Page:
Contractors - how to choose a reputable one

When choosing a building contractor you should consider your choice very carefully and you are advised to check them out before employing them. If you employ a good reputable building contractor in terms of price, reliability and workmanship, the potential for problems will be greatly reduced.

How do I choose a reputable building contractor?

  • Get recommendations - ask friends, family, neighbours and relevant trade associations if they know of reliable contractors who have experience in the type of work you are after. Check out any supplied written references and that it was your contractor who actually undertook the work. A contractor with a reputation to preserve is more likely to be around if you have problems later.

  • Find out if the contractor is a member of an appropriate trade association and check that they are with the association. A list of trade associations can be found in the rear of the local Yellow Pages - not all associations are reputable. Check them out also - look for ones with strict joining criteria, codes of conduct and clear complaints procedures. Some may offer forms of contract, protection schemes and warranties.

  • Look for the TrustMark - a scheme introduced by the Government in January 2006. This scheme covers all building trades, this means the traders have passed the checks needed for membership. To find a member near you visit, or ring 01344 666 104.

  • Choose established contractors with premises you can visit and ask how long they have been in business - if things go wrong you should then be able to contact them. Ensure you have addresses and details of the contractors if you need to contact them in writing. Remember, telephone numbers are easily changed, leaving you with no way of contacting them.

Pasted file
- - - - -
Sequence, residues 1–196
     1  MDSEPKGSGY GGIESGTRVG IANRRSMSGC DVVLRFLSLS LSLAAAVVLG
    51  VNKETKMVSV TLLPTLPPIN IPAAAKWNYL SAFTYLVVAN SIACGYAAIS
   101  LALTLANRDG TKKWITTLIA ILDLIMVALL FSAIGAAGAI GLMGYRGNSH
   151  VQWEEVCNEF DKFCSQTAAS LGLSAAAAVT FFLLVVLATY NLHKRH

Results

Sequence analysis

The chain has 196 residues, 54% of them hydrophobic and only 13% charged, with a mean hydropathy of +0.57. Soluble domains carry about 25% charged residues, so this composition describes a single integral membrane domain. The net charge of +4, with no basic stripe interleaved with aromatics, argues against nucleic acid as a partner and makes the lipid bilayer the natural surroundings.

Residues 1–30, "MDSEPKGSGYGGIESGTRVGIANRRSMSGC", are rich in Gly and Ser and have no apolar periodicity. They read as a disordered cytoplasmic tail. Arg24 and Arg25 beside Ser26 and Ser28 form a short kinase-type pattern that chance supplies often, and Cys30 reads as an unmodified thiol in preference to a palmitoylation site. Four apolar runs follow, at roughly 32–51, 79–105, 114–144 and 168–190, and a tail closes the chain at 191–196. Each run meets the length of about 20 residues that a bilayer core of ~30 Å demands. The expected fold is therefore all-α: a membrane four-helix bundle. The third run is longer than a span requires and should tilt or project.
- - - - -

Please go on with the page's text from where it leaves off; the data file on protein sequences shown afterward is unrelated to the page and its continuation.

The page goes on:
• Check the contractors out - ask if there is similar completed work that they have carried out that you can view. Make sure you speak to the previous customers for their comments, were they happy with the work? Was it started and completed on time? Was the final bill in line with the estimate?

  • Always obtain at least three quotations for the works, and ensure these are in writing, with a break down of works to be undertaken.

  • Do not make assumptions about quality of fixtures and fixings to be supplied, that is kitchens, bath suites, doors and windows, electrical provisions and so on. If you have specific requirements, ensure the quotation includes reference to them. This also helps in obtaining comparable quotations.

  • Check the quotations carefully, compare like-for-like and examine what the contractor is providing for in the price. Don't always assume that the cheapest is the best. Good contractors who refuse to cut corners will seldom be able to compete on price with those that do.

  • Agree payment terms before the work commences - be careful on upfront payments - ensure you know what you are getting for any upfront payment. It may be difficult to get monies back. Contractors offering cash / VAT free deals are not easily tracked down if things go wrong.